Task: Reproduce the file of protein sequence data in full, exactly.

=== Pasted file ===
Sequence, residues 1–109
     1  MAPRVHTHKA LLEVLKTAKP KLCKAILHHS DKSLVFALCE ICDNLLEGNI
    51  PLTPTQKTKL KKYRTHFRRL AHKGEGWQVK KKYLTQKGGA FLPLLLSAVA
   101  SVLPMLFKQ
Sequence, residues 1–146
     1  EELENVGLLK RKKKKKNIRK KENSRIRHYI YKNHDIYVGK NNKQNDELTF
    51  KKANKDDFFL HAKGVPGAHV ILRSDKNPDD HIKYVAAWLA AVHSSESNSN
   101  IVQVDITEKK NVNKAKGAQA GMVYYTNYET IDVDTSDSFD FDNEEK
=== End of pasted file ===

Sequence, residues 1–109
     1  MAPRVHTHKA LLEVLKTAKP KLCKAILHHS DKSLVFALCE ICDNLLEGNI
    51  PLTPTQKTKL KKYRTHFRRL AHKGEGWQVK KKYLTQKGGA FLPLLLSAVA
   101  SVLPMLFKQ
Sequence, residues 1–146
     1  EELENVGLLK RKKKKKNIRK KENSRIRHYI YKNHDIYVGK NNKQNDELTF
    51  KKANKDDFFL HAKGVPGAHV ILRSDKNPDD HIKYVAAWLA AVHSSESNSN
   101  IVQVDITEKK NVNKAKGAQA GMVYYTNYET IDVDTSDSFD FDNEEK